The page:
Vaccine against chlamydia BD584

Vaccine. 2016 Jul 25;34(34):3979-85. doi: 10.1016/j.vaccine.2016.06.046. Epub 2016 Jun 17.

Immunization with chlamydial type III secretion antigens reduces vaginal shedding and prevents fallopian tube pathology following live C. muridarum challenge.


Chlamydia trachomatis infections in women are often asymptomatic and if left untreated can lead to significant late sequelae including pelvic inflammatory disease and tubal factor infertility. Vaccine development efforts over the past three decades have been unproductive and there is no vaccine approved for use in humans. The existence of serologically distinct strains or serovars of C. trachomatis mandates a vaccine that will provide protection against multiple serovars. Chlamydia spp. use a highly conserved type III secretion system (T3SS) composed of both structural and effector proteins which is an essential virulence factor for infection and intracellular replication. In this study we evaluated a novel fusion protein antigen (BD584) which consists of three T3SS proteins from C. trachomatis (CopB, CopD, and CT584) as a potential chlamydial vaccine candidate. Intranasal immunization with BD584 elicited serum neutralizing antibodies that inhibited C. trachomatis infection in vitro. Following intravaginal challenge with C. muridarum, immunized mice had a 95% reduction in chlamydial shedding from the vagina at the peak of infection and cleared the infection sooner than control mice. Immunization with BD584 also reduced the rate of hydrosalpinx by 87.5% compared to control mice. Together, these results suggest that highly conserved proteins of the chlamydial T3SS may represent good candidates for a Chlamydia vaccine.

James B. Mahony

BSc, PhD

Research Interests

Dr. Mahony’s research interests focus on the pathophysiology of respiratory pathogens including influenza, SARS and coronaviruses and the obligate intracellular bacterial pathogen Chlamydia pneumoniae.

One of the major focuses of the laboratory is the development of new antimicrobial agents for both respiratory viruses and chlamydiae. Most antimicrobial agents are small molecules and interact with a small number of amino acids of the target protein. The laboratory is developing peptide mimetics that will target protein-protein interactive domains (20-30 aa) that should be refractory to the development of resistance. We have developed a novel influenza inhibitor that blocks viral transcription and are presently testing it against high pathogenicity avian influenza virus. The second major research interest of the laboratory is the characterization of proteins of the type III secretion system of Chlamydia and elucidating how these proteins interact to form the secretion apparatus. The goal is to identify novel drug targets and then develop peptidomimetics that will inhibit protein interaction and type III secretion. We have recently been successful with this approach and have developed inhibitors for type III secretion in C. pneumoniae, C. trachomatis, and Pseudomonas aeruginosa (a major respiratory pathogen) that inhibit bacterial cell invasion.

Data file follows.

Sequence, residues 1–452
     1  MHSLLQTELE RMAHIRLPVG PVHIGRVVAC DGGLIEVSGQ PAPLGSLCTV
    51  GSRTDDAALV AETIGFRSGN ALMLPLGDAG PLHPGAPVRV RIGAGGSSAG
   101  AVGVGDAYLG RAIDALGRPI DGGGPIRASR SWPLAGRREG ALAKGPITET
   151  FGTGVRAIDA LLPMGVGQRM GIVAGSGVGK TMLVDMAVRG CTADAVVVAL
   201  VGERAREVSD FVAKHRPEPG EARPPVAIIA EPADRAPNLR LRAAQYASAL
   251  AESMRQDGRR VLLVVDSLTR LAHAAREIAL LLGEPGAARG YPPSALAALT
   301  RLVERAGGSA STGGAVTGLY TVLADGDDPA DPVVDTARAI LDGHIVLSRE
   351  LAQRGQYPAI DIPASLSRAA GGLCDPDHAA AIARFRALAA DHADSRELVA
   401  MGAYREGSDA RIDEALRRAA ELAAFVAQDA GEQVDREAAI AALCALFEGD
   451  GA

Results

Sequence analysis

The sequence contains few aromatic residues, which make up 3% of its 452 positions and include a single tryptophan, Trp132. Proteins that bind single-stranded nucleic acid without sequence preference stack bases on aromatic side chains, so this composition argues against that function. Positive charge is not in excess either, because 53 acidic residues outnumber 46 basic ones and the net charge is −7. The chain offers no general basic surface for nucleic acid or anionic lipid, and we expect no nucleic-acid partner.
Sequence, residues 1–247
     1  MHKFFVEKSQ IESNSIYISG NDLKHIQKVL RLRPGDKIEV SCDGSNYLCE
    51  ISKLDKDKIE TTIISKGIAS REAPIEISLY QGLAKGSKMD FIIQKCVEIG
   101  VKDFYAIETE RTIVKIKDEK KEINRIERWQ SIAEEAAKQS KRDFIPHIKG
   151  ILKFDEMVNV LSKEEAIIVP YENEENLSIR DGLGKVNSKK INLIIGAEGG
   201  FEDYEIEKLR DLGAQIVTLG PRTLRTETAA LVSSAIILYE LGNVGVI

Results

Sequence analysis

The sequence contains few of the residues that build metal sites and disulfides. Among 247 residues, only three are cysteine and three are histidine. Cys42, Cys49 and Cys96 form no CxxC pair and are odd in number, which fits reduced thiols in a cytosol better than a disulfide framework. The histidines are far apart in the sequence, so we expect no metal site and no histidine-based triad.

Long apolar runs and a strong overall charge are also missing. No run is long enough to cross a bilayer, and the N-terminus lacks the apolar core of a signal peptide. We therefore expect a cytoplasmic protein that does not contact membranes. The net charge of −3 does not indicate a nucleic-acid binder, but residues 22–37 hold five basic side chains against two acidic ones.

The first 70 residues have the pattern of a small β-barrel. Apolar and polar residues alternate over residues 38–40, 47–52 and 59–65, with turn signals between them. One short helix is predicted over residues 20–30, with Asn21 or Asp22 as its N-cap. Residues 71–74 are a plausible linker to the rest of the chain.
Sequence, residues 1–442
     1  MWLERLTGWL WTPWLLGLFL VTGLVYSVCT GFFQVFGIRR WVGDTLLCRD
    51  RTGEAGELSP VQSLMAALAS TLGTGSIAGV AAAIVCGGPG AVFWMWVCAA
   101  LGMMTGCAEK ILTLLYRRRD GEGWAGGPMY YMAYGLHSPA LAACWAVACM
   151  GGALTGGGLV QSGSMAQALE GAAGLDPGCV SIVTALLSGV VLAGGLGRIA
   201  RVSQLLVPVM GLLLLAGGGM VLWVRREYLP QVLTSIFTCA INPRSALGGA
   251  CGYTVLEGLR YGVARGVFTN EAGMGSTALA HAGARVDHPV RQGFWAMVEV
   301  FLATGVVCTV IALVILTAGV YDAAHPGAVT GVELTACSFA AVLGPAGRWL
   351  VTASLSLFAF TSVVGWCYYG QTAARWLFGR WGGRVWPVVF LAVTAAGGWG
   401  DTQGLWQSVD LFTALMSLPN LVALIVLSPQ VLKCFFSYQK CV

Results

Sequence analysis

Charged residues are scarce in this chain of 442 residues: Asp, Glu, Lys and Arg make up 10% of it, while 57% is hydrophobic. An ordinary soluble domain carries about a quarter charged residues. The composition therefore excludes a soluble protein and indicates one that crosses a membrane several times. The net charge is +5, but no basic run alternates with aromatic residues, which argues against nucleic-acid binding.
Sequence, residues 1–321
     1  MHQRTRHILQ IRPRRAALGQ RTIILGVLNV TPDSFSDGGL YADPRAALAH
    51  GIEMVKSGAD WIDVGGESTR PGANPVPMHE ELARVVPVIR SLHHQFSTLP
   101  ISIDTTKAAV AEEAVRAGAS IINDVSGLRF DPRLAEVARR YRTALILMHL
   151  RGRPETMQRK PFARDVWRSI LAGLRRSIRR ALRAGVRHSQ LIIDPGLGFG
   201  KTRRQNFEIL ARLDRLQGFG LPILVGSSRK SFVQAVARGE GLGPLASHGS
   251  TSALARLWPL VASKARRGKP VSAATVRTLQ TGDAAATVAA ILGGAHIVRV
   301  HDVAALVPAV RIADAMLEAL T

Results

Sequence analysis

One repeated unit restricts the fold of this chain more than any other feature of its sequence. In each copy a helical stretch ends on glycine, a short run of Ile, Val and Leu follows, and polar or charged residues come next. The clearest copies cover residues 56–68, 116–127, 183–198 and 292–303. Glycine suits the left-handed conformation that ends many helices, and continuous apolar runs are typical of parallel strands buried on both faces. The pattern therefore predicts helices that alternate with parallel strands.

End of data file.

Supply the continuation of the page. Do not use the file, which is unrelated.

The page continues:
Additional projects in the laboratory include the elucidation of how coronaviruses interfere with the innate immune response in myeloid dendritic cells, identification of host cell proteins controlling West Nile virus infection, and development of improved diagnostic tests for potentially pandemic influenza viruses.


McMaster University
St. Joseph's Healthcare

telephone: 905-521-6021

Program Area

Infection & Immunity

Research Focus

Emerging viral infections, Chlamydia vaccine development, Anti-viral therapeutics, Genetic engineering of commensal bacteria to deliver therapeutic proteins

Selected Publications

  • Chlamydia pneumoniae CopD translocator protein plays a critical role in type III secretion (T3S) and infection. Bulir DC, Waltho DA, Stone CB, Mwawasi KA, Nelson JC, Mahony JB.

    PLoS One. 2014 Jun 24;9(6):e99315. doi: 10.1371/journal.pone.0099315. eCollection 2014.

  • Structural characterization of a novel Chlamydia pneumoniae type III secretion-associated protein, Cpn0803. Stone CB, Sugiman-Marangos S, Bulir DC, Clayden RC, Leighton TL, Slootstra JW, Junop MS, Mahony JB. PLoS One. 2012;7(1):e30220. doi: 10.1371/journal.pone.0030220. Epub 2012 Jan 17.
  • Molecular diagnosis of respiratory virus infections. Mahony JB, Petrich A, Smieja M.

    Crit Rev Clin Lab Sci. 2011 Sep-Dec;48(5-6):217-49. doi: 10.3109/10408363.2011.640976. Review.